Q: Is it true that I can digest only 30 grams of protein at one meal, and everything else turns to fat?
A. This misinterpretation of data has been making the rounds among some nutritionists and in the media for a while now, so I talked to Tom Nikkola, director of nutrition and weight management at Life Time Fitness in Chanhassen, Minn., to help answer your question.
“While it is true that the body is only able to absorb a certain amount of amino acids (the building blocks of protein) each hour, absorption rate varies greatly depending on the size of your body, the type of exercise you do, the type of protein you’re eating, the foods you’ve eaten with that protein, and what kind of stresses you’re under, all of which can change the body’s protein needs,” he explains. “Food also takes several hours to digest, so any excess consumed can generally be processed during that time. Research does not support the idea that anything beyond 30 grams turns to fat.”
Rather than looking at how much protein one should eat in a single meal, it’s better to monitor intake over the course of a given day, Nikkola says, since it’s key to preserving muscle mass. “Minimum requirements are around 0.8 grams per kilogram of body weight, while those who are training hard or trying to lose weight may want to up their protein intake further.”
The International Society of Sports Nutrition has shown that protein intake of 1.4 to 2 grams of protein per kilogram of body weight is more appropriate for active populations, he adds. “To keep it simple, our dietitians typically tell people to shoot for a gram per pound of target body weight.”
This means that a person who chooses to eat just two or three meals a day should eat more than 30 grams of protein per meal. If she chooses to eat five to six times a day, she can get by with less protein each meal. “If you weigh 120 pounds [thus needing 120 grams of protein per day] and eat two meals with 60 grams of protein each, I’ve never seen research showing that’s less of an advantage than four meals of 30 grams apiece,” Nikkola says. “That said, eating a 16-ounce porterhouse steak (which has 100 grams of protein) in one sitting might leave you pretty uncomfortable.” In the end, trust your body. Focus on getting the appropriate amount of protein in any given day, but when you’re satisfied, stop eating. “Get out of the habit of needing to leave a meal feeling stuffed,” Nikkola advises.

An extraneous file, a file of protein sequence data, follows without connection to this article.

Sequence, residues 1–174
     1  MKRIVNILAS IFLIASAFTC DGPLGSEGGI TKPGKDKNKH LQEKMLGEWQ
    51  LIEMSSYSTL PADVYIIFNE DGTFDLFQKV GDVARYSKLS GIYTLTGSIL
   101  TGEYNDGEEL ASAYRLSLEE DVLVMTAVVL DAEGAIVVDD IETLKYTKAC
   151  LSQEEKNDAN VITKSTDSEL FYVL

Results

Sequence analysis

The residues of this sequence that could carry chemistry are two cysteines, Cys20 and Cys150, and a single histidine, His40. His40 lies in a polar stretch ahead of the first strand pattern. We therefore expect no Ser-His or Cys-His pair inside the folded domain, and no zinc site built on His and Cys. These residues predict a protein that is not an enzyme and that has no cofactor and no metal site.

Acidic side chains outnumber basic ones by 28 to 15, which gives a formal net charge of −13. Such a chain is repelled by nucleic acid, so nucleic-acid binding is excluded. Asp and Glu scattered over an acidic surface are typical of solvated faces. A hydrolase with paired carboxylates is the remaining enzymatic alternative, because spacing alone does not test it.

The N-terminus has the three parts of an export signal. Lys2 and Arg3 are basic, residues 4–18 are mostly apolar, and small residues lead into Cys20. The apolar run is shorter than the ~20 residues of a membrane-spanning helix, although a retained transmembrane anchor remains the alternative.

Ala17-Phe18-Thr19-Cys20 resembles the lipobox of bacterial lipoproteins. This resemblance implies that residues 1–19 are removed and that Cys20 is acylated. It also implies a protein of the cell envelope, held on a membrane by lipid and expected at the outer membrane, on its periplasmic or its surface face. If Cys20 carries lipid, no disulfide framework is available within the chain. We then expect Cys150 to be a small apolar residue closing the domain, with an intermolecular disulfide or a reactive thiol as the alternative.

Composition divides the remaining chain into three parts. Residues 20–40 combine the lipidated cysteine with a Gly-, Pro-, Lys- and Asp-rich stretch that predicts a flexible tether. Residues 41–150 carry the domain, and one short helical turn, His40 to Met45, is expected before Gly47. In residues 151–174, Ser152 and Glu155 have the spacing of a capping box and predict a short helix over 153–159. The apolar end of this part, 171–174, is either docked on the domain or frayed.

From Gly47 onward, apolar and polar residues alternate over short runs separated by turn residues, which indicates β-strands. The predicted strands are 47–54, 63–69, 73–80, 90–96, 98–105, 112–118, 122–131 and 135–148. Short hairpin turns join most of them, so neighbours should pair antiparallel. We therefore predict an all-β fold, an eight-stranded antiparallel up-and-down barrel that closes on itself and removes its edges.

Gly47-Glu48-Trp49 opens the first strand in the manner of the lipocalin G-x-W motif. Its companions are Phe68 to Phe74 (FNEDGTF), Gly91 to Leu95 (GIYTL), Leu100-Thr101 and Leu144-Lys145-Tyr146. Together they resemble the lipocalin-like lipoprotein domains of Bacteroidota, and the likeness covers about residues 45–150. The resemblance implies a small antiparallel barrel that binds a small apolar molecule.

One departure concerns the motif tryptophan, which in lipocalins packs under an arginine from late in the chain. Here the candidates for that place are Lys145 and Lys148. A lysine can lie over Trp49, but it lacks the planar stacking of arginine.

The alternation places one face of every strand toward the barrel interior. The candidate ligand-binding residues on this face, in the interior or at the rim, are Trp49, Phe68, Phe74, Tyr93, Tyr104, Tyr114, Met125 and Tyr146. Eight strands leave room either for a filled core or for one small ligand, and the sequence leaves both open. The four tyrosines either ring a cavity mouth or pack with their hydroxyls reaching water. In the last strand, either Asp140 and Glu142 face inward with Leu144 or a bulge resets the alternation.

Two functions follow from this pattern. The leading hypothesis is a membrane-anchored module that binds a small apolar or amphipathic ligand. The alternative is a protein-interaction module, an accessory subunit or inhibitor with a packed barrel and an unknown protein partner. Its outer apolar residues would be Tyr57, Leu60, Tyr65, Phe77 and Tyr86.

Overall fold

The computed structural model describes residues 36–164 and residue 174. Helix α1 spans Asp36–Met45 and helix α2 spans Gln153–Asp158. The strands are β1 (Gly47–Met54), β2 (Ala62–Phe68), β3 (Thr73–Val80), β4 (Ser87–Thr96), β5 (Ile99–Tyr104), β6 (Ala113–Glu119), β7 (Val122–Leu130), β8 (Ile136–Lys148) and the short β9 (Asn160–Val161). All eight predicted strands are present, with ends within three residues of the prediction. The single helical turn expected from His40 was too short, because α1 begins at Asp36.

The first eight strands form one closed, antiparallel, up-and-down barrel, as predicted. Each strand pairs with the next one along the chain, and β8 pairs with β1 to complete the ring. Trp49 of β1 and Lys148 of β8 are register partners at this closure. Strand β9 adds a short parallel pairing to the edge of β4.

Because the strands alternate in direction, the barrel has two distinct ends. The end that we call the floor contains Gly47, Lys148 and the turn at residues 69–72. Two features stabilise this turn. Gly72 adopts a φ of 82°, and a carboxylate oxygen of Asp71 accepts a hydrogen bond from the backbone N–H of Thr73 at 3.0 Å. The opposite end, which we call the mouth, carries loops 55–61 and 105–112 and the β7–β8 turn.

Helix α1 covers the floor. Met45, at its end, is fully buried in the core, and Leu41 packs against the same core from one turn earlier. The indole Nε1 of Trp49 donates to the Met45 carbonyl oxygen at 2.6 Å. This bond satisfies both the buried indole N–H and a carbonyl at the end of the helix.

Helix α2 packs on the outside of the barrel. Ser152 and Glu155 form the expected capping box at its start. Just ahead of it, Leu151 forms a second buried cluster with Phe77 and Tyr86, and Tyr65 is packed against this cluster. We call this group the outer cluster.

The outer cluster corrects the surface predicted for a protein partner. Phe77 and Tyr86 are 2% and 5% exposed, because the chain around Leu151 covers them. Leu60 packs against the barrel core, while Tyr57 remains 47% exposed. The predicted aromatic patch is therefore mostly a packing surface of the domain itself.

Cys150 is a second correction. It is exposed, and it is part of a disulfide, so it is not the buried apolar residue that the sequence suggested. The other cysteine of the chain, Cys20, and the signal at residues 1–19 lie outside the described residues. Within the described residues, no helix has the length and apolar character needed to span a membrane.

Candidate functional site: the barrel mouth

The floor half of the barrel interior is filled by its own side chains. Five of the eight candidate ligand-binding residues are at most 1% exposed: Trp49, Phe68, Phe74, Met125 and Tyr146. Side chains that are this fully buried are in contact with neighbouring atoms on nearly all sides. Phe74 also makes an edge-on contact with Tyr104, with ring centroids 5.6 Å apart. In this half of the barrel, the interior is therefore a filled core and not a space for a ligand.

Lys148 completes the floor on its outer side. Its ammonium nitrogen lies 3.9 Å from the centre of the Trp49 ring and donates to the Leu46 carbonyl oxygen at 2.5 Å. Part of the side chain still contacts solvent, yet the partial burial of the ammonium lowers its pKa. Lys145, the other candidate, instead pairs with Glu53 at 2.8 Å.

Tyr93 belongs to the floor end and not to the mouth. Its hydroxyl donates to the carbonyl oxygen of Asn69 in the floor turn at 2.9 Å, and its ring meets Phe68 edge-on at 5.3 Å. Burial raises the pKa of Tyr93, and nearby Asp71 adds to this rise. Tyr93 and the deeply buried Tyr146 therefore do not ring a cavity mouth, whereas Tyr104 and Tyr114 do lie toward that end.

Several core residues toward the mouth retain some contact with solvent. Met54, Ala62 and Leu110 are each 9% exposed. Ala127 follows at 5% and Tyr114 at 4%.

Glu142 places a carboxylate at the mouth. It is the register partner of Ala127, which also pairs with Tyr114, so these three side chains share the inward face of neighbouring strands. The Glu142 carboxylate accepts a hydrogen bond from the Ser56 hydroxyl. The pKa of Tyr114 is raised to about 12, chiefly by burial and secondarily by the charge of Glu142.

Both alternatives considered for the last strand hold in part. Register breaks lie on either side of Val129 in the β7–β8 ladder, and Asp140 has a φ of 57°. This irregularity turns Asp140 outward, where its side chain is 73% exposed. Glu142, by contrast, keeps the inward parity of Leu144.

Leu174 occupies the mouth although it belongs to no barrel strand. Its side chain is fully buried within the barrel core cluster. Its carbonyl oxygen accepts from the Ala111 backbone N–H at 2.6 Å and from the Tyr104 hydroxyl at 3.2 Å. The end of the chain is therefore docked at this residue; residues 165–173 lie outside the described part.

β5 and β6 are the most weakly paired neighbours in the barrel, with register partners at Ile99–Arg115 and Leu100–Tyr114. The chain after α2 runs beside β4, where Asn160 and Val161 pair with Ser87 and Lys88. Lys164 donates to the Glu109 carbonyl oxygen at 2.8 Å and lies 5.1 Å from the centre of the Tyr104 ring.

Q: Should I exercise during a detox?
A. Yes, but take it easy. “Mild exercise activates the lymphatic system (your body’s drainage system for toxins) and is the movement intensity of choice during a detox,” says Ann Louise Gittleman, PhD, author of Fat Flush for Life: The Year-Round Super Detox Plan to Boost Your Metabolism and Keep the Weight Off Permanently (Da Capo, 2011). “Gentle bouncing on a rebounder for 20 minutes or a 20-minute brisk walk each day are better choices than strenuous exercise, which can overtax the body and utilize energy that your body could be using for the detox process itself.” (For more lymph-moving exercise ideas, see ELmag.com/May12expertanswers.)
Q: Are twisting yoga poses really good for detoxing the body?
A. Many yogis say yes, and the idea is supported by such high-profile physicians as Frank Lipman, MD, author of Revive: Stop Feeling Spent and Start Living Again (Touchstone, 2009). “I recommend it to my patients all the time,” he says.